Elsewhere, defending Laser champion Paul Goodison would have been a serious contender for a medal of some sort but a bad back hampered his campaign. The 49ers of Stevie Morrison and Ben Rhodes had a chance of bronze going into their medal race. And the Elliott match-racing crew of Lucy Macgregor was, according to Park, on the wrong end of a photo finish in the race that would have given them a 3-1 passage to the semi-finals.
"Across the team we've probably got some fairly mixed emotions," said Park. "But there are very fine margins. It is a far more competitive environment than it has ever been."
British Olympic sport benefited hugely from the Lottery Funding that was introduced in 1997. Sailing, armed with more money to train, compete, hire the right coaching staff and equip themselves at the highest level, progressed from Ainslie's silver in Atlanta in 1996, to three golds and two silvers in Sydney in 2000 and two golds, a silver and two bronzes in Athens.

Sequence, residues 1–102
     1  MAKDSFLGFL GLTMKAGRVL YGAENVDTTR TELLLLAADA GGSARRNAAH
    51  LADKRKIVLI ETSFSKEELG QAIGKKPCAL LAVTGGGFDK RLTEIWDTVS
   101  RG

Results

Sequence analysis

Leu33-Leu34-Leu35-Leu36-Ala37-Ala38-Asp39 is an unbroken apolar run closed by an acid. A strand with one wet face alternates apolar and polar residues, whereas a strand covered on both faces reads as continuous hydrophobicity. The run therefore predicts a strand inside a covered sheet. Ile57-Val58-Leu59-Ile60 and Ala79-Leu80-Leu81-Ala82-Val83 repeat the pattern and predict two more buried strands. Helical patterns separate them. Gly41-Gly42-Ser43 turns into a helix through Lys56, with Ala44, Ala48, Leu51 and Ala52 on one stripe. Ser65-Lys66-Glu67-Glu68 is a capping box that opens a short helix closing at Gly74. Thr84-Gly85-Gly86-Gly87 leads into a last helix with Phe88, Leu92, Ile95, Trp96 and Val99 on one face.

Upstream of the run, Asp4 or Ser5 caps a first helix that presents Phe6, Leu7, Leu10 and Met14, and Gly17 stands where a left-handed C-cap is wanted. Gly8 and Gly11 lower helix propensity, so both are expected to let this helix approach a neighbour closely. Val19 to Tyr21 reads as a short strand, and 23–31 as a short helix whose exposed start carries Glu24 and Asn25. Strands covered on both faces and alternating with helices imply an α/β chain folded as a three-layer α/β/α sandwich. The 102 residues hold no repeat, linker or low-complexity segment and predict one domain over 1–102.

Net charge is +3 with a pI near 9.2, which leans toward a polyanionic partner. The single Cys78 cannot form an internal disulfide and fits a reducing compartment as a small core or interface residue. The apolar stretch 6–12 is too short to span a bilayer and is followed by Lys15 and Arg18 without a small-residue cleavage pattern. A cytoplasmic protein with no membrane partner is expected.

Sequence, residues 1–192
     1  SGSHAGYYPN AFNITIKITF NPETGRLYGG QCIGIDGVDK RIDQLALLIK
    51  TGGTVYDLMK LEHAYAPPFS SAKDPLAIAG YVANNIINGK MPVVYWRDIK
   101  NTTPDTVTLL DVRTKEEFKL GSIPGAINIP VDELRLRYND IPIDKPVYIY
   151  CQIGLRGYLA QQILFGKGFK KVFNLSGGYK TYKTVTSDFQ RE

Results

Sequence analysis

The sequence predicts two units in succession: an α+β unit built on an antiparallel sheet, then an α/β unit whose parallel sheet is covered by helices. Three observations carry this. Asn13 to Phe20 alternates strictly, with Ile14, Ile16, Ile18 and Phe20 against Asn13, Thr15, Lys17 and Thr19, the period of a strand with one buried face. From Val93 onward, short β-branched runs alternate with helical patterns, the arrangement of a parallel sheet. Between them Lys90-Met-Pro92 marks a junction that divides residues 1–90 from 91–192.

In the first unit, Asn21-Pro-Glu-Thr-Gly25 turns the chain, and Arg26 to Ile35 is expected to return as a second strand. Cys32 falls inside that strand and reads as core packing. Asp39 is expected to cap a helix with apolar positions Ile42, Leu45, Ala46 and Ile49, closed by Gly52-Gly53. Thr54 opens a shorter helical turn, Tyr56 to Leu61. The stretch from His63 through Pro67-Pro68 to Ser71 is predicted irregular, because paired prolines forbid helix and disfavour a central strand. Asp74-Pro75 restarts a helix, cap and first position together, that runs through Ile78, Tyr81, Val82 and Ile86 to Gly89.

But other nations have bridged the divide. Australia, whose previous best was two golds, a silver and a bronze in Sydney, revamped their programme in 2005, not necessarily with more money but with a better structure.
"It is part timing and partly the way they have focused resources on a few people with extraordinary talent," said Robertson. "Nathan Outteridge, for example, was a class apart in that 49er fleet."
The Netherlands, who were third on the medal table with a gold, silver and bronze, enjoyed their best Games since World War II as the result of an initiative called "Project 2012", a similar push to fast-track talent, which was also launched in 2005.